Recent years have seen rising interest in the commercial exploitation of indigenous knowledge (IK). This in turn has raised a wide set of issues about who is entitled to use such knowledge and on what terms, and how individuals and groups who 'own' it can share in the financial benefits resulting from its commercial use. These concerns are likely to become increasingly controversial in the years ahead because much of the discussion revolves around the potentially conflicting interests of the two primary players – developing countries with IK, and industrialised nations that want it.
On the one hand, developing countries – most often the primary guardians and 'suppliers' of IK – are worried that they may fail to be adequately rewarded when it is exploited. Many of them, in fact, are currently pushing for a legally binding international treaty that recognises the rights of communities over such knowledge, and provides them with a legal entitlement to a share of profits from its commercialisation.
Any such treaty, however, remains largely opposed by industrialised countries, which tend to be the key 'users' of IK, at least in its commercial form. These countries argue that the profits they make from exploiting IK are a legitimate reward for their efforts in obtaining it and turning it into marketable products, for example in the agricultural, biotechnology and pharmaceutical industries. They are therefore largely content with the present situation, under which they are free to compensate the communities generating the IK if they wish, but are not legally bound to do so. The stakes are high. According to some estimates, annual global sales of products derived from genetic resources may be worth as much as US$800 billion annually.  Additionally, as their current patents on profitable drugs expire, pharmaceutical companies are under pressure to find replacements. One way to do this is to develop and patent new products based on genetic resources and IK (although the big drug firms still profess to be sceptical about the worth of IK).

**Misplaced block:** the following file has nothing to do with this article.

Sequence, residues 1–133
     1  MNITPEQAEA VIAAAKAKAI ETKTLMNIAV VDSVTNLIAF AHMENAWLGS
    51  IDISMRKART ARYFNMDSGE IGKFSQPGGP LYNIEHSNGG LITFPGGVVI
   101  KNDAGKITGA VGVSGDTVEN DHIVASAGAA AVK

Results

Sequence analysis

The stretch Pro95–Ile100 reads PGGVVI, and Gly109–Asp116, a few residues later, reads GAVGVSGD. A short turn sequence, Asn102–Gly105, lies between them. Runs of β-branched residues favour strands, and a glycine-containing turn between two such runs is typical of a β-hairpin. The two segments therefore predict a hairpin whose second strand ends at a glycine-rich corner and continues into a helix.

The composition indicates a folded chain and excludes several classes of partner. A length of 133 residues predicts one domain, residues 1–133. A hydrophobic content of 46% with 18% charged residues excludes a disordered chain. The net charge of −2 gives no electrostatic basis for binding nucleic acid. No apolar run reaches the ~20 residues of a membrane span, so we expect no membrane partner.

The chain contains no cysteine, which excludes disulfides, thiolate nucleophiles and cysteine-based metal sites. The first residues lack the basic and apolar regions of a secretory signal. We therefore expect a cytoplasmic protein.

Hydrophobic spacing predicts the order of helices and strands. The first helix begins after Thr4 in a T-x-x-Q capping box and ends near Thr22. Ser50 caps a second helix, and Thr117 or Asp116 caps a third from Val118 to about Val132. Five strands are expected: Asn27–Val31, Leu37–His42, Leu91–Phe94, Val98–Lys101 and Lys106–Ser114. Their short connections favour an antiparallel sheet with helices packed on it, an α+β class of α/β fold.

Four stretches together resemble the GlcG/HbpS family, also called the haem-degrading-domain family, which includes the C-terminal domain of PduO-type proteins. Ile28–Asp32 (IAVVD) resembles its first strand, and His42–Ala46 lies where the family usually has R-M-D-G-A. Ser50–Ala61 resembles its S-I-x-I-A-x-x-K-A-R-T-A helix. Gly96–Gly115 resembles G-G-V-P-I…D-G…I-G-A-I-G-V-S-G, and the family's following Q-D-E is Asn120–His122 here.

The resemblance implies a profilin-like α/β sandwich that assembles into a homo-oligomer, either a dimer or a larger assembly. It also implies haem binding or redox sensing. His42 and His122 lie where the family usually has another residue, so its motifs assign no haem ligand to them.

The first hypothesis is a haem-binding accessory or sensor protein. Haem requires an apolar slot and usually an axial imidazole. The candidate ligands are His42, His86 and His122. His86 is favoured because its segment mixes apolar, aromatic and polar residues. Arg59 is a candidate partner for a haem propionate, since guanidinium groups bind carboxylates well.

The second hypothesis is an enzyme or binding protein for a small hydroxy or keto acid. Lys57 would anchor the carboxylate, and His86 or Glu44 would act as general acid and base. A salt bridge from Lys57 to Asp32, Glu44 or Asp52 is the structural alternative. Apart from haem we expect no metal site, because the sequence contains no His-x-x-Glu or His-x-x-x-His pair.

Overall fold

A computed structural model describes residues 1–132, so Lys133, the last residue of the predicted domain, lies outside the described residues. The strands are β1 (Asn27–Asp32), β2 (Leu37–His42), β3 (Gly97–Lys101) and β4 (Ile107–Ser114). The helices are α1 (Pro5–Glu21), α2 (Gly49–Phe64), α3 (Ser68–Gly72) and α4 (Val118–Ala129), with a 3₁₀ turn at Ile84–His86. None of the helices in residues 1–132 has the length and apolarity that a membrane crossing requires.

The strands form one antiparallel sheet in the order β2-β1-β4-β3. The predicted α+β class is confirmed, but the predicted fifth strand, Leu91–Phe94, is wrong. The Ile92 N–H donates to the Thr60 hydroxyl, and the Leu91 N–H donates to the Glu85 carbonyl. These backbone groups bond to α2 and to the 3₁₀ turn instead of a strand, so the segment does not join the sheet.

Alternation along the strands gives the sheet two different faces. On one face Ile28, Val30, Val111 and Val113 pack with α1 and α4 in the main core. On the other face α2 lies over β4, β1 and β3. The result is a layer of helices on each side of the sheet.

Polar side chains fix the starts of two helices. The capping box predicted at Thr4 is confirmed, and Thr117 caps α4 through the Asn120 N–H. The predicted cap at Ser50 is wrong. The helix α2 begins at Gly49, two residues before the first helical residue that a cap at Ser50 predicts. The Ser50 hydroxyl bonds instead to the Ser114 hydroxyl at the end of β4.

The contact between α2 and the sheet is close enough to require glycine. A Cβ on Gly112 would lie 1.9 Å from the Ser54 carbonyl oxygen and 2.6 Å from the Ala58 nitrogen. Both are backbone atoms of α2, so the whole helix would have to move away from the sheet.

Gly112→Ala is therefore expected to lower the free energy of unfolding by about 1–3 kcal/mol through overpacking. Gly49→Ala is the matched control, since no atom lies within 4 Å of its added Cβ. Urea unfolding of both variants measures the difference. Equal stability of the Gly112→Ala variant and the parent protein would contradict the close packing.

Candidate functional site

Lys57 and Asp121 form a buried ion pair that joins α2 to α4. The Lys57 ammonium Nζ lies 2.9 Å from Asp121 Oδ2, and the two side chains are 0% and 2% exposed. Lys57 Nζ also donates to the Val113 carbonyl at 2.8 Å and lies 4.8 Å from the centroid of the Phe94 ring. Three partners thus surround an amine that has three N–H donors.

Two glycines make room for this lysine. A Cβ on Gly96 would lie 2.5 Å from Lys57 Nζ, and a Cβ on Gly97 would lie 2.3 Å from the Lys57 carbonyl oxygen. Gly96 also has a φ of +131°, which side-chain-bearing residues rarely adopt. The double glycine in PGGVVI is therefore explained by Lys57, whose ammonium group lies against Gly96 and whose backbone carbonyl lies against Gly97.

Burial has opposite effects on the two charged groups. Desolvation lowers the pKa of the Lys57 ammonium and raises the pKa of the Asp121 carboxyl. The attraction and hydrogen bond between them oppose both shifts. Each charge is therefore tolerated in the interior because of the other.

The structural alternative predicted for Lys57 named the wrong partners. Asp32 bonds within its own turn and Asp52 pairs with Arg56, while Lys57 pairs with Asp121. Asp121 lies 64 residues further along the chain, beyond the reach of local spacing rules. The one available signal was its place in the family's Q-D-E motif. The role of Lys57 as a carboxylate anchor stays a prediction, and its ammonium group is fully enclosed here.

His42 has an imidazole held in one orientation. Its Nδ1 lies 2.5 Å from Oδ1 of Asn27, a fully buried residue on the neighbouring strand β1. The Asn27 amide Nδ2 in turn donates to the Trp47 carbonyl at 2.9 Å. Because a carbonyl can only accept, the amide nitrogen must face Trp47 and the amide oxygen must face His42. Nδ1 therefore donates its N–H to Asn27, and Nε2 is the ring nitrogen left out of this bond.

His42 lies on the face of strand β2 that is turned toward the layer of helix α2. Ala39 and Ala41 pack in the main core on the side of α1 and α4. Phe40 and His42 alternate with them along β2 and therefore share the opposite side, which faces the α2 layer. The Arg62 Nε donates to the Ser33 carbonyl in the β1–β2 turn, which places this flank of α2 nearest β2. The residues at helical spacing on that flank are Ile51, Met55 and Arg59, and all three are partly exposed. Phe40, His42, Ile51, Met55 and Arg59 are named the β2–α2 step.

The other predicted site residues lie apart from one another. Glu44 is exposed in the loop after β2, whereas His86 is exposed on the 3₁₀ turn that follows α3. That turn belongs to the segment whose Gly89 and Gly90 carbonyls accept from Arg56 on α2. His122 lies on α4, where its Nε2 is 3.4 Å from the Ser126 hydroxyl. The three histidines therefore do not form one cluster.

Excessively onerous restrictions could limit the enthusiasm of these companies to pursue this path, by significantly reducing the financial rewards of developing new products. Yet in the absence of a global, legally binding agreement on sharing potential profits with the original IK providers, many feel there is a danger that indigenous communities in the developing world will be excluded from enjoying the benefits of the global knowledge economy to which they are contributing.
IK in international agreements
The conflict between the 'suppliers' and 'users' of IK has occupied much time and attention in international forums for at least a decade. It first emerged during negotiations for the UN Convention on Biological Diversity (CBD), signed at the 1992 Earth Summit.
As a result of pressure from developing countries, the CBD became the first legally binding instrument to recognise community rights to genetic resources and related IK, although it only "encourages" the sharing of benefits and leaves it to national legislation to determine how such a commitment should be put into practice (see policy brief on national and regional laws). In particular, the Convention calls on signatories to respect the knowledge, innovations and practices of indigenous communities, and encourage the equitable sharing of benefits from their commercialisation.
Tensions surrounding these issues increased in 1994, with the adoption of the Trade-Related Intellectual Property Rights agreement (TRIPS) of the World Trade Organisation (WTO). The TRIPS agreement requires all WTO member states to offer strong patent protection to modern, 'formal' inventions, the rights to which can be 'owned' by individuals and corporations. But it contains no provisions for protecting 'informal' community-owned IK.
In general, there are a number of reasons why IK does not meet the criteria listed by TRIPS for granting patent protection. In particular, it is seldom possible to prove the 'novelty', 'non-obviousness', or even 'usefulness' of IK, as required for patentable inventions. Conversely, TRIPS does not include measures that many consider to be essential for protecting IK, such as requiring proof that the individual or organisation seeking such legal protection has obtained the prior consent of countries or communities whose knowledge is being used. Nor does it ensure that communities benefit when their genetic resources or IK are commercialised (although it does not expressly rule out such